Archive for May 17th, 2012

Rude awakening: Selling “rags” isn’t as easy as selling iPhones.

May 17, 2012

Punch line: Ron Johnson earned fame by designing Apple Stores.  He was lured to JC Penney to inject some of his merchandising magic.  Johnson immediately set out to remake JCP into Apple Stores: no discounting, corner boutiques, hangout areas.  Based on initial results, it’s safe to conclude that JCP isn’t exactly Apple.  Hot, world class products can make a lot of store formats work … but, apparently, hot store formats can’t make “ordinary” products  explode.

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Excerpted from WSJ: Penney’s Stock Plummets on a Big Loss

J.C. Penney CEO Ron Johnson is getting a taste of what it’s like to run a retail operation without world-beating products, and so far it is not pretty.

JCP is in the early stages of a transformation led by Mr. Johnson, the former senior vice president of Apple’s retail operations who took over the retailer last fall.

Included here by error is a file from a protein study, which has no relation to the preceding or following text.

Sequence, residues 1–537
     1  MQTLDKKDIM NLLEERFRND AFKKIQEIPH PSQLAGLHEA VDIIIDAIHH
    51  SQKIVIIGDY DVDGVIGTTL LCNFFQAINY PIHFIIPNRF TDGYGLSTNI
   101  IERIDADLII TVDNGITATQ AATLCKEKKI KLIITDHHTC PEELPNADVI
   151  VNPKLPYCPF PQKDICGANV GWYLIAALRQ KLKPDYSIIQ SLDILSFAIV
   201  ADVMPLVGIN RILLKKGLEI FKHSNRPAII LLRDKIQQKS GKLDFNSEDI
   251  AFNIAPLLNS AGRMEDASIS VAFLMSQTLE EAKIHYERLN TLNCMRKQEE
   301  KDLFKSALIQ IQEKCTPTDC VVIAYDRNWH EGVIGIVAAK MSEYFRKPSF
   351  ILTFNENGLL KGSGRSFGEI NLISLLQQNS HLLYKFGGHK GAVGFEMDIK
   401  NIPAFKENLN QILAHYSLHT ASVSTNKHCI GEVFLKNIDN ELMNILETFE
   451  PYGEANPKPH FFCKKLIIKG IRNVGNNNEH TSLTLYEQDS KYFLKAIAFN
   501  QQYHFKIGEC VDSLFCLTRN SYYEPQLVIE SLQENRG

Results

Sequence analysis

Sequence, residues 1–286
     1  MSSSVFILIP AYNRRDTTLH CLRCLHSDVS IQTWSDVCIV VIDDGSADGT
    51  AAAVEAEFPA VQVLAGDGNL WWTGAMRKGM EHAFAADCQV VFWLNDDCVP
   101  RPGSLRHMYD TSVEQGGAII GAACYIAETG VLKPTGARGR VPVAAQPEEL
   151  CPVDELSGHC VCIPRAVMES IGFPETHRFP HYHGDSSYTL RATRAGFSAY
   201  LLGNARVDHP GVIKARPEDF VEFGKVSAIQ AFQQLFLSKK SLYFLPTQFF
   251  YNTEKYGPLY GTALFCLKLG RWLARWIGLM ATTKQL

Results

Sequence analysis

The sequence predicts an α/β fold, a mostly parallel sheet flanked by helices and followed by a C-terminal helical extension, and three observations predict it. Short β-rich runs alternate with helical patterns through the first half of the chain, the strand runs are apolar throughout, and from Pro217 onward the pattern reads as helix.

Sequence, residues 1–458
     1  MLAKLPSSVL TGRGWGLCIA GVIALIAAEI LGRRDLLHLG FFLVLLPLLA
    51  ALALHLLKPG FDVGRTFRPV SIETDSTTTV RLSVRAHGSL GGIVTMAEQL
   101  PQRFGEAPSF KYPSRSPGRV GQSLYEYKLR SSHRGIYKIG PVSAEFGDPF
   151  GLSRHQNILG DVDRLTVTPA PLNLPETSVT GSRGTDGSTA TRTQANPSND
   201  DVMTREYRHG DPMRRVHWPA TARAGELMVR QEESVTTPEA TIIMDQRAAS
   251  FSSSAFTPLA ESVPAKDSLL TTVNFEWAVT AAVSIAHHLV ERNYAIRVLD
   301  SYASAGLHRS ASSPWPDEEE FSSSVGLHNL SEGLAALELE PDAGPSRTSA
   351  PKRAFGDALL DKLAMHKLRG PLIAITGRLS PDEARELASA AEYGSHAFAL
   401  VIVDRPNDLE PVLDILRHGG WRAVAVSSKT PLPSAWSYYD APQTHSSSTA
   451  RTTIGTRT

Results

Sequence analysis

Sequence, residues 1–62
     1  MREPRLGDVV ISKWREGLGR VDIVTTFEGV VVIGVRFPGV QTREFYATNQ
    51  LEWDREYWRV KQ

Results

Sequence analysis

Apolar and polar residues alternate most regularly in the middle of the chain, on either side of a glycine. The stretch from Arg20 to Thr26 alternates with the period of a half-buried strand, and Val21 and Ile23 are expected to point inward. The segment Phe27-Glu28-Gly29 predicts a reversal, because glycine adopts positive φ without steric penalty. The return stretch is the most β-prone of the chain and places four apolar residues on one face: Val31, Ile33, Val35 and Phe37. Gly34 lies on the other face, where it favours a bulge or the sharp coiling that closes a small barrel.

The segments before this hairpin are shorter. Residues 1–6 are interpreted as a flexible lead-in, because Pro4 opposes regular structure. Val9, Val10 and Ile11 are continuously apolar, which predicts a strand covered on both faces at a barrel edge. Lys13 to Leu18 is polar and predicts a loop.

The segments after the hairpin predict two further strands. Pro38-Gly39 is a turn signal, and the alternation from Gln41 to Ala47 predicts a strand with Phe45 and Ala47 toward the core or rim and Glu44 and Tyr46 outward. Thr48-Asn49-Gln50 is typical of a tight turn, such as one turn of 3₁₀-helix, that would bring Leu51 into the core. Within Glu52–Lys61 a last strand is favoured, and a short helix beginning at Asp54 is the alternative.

Mr. Johnson, who won plaudits for reinventing the retail experience with Apple stores’ clean lines and empty space, has laid out an ambitious yet risky plan that involves carving stores into a warren of specialty shops, turning the center selling space into an entertainment and hangout area, and eschewing constant “sales” in favor of lower prices every day.

So far, consumers don’t seem to like the strategy,

Company executives said that weaning of shoppers from their coupon addiction has hurt sales and store traffic more than anticipated.

65% of sales were at full price, but store traffic dropped 10% and average customer spend dropped 5% compared with a year earlier.  

JCP’s quarterly earnings report marked the first time that investors could gauge the impact of the new strategy.

The company missed nearly every financial target it had set for the latest quarter.

The retailer reported a $163 million loss, more than twice what analysts were expecting.

Same-store sales slid 19% … margins narrowed to 37.6% from 40.5%.

Investors whispered to each other about the “bloodbath.”